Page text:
These mobile and floating populations of labourers are in a state of constant flux, moving between their home villages and different urban work destinations. Earning less than a living wage, they are unable to afford housing even in slum settlements, resorting instead to living in the open, in shared rented rooms in deplorable conditions or within the workplace.
Ahmedabad, recognised as one of the fastest-growing cities internationally, presents a perfect example of the systematic exclusion of a large section of its population. It is one of the largest destinations for migrant workers coming from the adjoining tribal belts of Gujarat, Rajasthan and Madhya Pradesh, or from the poorer states of Bihar, UP and Odisha.
The estimated 1.3 million migrant workers in the city form an overwhelming one-sixth of its population, and provide the cheap labour which fuels the remarkable growth of its manufacturing, hotel and construction sector. Yet, they remain excluded from the ambitious slogan of ‘Housing for All’.
According to Aajeevika Bureau, a civil society organisation, “living within the worksite” is the most common living arrangement for migrant workers in the city. Large groups of these workers remain invisible to mainstream society, as they live inside factory units in the industrial peripheries of the city, within the hotels that they work in or at the construction site.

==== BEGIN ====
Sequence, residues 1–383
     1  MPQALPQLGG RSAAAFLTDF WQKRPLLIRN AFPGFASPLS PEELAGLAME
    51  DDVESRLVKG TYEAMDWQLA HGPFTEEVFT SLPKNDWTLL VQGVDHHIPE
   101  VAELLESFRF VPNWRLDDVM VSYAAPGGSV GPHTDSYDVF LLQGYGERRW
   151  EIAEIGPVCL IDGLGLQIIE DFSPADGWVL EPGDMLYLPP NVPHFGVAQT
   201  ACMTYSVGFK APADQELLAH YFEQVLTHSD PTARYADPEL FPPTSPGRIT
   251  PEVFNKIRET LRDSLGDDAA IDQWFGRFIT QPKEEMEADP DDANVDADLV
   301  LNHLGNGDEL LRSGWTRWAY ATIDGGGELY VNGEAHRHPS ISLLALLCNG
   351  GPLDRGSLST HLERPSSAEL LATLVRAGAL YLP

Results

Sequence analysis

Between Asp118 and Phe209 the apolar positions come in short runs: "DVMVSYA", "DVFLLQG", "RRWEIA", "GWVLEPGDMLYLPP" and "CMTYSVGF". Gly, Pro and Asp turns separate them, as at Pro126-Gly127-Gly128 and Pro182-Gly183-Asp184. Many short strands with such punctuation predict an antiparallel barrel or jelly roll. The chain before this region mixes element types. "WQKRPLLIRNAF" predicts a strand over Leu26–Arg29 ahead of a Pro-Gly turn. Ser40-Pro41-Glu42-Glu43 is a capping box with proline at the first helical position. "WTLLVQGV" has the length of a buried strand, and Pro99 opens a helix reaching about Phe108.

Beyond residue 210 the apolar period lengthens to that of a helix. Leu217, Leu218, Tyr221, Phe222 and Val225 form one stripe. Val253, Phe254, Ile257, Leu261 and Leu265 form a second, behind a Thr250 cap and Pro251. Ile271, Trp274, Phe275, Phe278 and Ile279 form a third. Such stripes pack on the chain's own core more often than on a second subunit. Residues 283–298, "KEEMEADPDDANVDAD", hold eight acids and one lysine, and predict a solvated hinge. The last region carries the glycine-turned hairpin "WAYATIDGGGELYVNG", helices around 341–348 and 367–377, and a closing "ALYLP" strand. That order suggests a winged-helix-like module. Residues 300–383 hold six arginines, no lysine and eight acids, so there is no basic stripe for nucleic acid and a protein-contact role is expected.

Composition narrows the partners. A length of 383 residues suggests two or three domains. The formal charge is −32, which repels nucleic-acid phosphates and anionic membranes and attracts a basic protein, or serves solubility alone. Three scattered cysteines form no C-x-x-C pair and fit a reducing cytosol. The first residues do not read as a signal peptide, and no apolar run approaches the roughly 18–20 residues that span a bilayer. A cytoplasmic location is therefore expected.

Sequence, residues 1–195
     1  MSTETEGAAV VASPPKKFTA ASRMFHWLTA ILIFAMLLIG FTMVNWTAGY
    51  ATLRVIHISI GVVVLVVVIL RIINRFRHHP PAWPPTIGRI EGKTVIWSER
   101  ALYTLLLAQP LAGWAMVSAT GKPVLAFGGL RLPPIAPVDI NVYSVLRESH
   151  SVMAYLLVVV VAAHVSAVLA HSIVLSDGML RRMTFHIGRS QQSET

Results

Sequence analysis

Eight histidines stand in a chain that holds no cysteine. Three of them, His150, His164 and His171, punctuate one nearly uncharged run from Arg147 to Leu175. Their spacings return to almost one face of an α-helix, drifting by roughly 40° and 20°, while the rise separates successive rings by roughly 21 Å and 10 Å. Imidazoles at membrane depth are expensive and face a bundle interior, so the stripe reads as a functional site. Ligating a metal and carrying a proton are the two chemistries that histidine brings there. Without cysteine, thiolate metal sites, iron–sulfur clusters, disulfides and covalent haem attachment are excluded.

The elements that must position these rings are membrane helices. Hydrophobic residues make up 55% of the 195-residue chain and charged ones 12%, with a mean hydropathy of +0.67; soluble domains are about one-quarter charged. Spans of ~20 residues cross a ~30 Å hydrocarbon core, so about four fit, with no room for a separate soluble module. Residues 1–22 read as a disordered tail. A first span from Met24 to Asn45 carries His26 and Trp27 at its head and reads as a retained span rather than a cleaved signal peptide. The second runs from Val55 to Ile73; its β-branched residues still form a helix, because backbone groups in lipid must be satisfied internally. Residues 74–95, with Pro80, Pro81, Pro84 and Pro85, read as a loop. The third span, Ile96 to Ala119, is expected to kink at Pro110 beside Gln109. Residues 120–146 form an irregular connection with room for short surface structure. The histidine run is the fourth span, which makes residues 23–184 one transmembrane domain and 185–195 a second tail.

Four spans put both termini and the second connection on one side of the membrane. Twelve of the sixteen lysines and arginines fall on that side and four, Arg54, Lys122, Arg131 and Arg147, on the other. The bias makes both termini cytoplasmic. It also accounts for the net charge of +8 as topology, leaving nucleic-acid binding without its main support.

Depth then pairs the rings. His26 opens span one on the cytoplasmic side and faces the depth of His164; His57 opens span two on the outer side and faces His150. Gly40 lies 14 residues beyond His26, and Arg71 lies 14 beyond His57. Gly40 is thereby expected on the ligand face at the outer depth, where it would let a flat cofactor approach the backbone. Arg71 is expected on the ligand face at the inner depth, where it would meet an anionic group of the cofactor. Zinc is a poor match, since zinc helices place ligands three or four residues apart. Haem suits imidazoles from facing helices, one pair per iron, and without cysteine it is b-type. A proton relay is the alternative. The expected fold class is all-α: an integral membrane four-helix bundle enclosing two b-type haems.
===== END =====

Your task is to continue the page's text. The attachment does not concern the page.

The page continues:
In addition to this, there are at least 2,500 migrant families living in open spaces across the city: on pavements, under flyovers, near railway tracks and on open grounds. They are not only deprived from basic services such as subsidised ration, water, sanitation and cooking fuel, but also face the constant threat of eviction and confiscation of their meagre assets.